The last tangible evidence of one of Detroit’s iconic brands was rapidly disappearing this week as demolition contractors tore down the last of the DeSoto plant, 50 years after Chrysler Corporation discontinued the car line.
Moreover, the Albert-Kahn-designed DeSoto plant on Wyoming Avenue between McGraw Avenue and Ford Road at the western border of Detroit, was the only automobile assembly plant erected in America during the Great Depression. Chrysler also built a truck plant in the period—but that was it for new auto assembly plants during those tough years.
Until its demise, the DeSoto plant’s huge billboard stood as a nagging competitive symbol above the Ford Freeway (later I-94) that Ford and especially Mercury executives could not help seeing as they headed back and forth from their nearby Dearborn offices to downtown Detroit or their eastside homes.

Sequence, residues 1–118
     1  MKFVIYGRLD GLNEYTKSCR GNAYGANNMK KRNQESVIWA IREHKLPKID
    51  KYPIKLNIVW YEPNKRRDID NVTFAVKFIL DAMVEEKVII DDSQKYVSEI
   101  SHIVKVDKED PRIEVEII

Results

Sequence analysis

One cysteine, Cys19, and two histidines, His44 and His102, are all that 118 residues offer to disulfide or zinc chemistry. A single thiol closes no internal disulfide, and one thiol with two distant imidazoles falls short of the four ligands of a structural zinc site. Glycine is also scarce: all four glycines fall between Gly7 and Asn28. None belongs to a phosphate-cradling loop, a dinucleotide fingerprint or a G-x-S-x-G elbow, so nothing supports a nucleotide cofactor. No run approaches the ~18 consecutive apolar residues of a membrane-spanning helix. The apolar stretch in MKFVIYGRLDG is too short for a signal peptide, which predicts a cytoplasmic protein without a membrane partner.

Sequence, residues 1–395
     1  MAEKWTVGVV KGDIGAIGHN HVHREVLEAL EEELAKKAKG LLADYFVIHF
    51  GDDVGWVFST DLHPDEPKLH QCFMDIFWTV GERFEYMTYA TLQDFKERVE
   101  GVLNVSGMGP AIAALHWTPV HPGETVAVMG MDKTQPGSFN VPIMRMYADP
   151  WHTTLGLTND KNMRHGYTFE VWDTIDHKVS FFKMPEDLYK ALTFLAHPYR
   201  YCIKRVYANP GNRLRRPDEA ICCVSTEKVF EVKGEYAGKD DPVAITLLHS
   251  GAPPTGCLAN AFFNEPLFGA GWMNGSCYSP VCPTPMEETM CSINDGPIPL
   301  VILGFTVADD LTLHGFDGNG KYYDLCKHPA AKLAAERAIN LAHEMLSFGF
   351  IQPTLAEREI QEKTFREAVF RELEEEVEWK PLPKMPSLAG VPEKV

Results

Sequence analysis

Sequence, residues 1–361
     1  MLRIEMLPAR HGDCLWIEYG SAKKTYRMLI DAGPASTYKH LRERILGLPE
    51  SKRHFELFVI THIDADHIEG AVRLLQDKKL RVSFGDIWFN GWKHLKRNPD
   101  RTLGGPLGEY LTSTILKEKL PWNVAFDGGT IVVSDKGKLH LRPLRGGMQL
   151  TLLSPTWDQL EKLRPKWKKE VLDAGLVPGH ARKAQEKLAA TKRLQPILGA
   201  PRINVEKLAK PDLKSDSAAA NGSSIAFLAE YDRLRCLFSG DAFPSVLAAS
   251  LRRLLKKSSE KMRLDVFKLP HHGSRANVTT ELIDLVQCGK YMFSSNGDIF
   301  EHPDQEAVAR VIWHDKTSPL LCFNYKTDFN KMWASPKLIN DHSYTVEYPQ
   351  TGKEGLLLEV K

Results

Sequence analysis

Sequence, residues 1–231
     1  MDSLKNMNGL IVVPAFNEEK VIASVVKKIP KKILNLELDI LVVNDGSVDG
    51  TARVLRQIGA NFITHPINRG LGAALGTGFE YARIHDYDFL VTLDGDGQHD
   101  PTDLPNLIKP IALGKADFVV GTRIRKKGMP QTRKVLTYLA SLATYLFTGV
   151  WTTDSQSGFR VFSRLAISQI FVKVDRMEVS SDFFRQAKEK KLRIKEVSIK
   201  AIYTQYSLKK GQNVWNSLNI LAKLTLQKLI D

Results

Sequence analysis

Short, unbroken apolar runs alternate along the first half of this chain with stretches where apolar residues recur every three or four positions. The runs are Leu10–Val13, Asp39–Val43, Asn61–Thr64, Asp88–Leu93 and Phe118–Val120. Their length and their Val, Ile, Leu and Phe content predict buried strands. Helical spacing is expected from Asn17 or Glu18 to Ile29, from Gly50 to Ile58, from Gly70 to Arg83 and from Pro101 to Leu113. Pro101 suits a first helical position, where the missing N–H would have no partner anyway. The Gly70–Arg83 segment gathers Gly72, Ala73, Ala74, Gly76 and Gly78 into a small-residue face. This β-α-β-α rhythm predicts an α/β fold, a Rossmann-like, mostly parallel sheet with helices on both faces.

DeSoto was conceived by Walter P. Chrysler a couple of years after the 1924 introduction of the Chrysler brand, a modernized Maxwell. Walter P, a former Buick executive, had observed the success of Alfred P. Sloan’s reborn General Motors with its array of medium-priced cars based on “step-up” features. So he set out to add to the new Chrysler Corporation a low-priced Plymouth to compete with Ford and Chevrolet and a medium-priced DeSoto, matched against Oldsmobile, Buick and the host of successful independents headed by Hudson, Nash, Studebaker and, well, Dodge.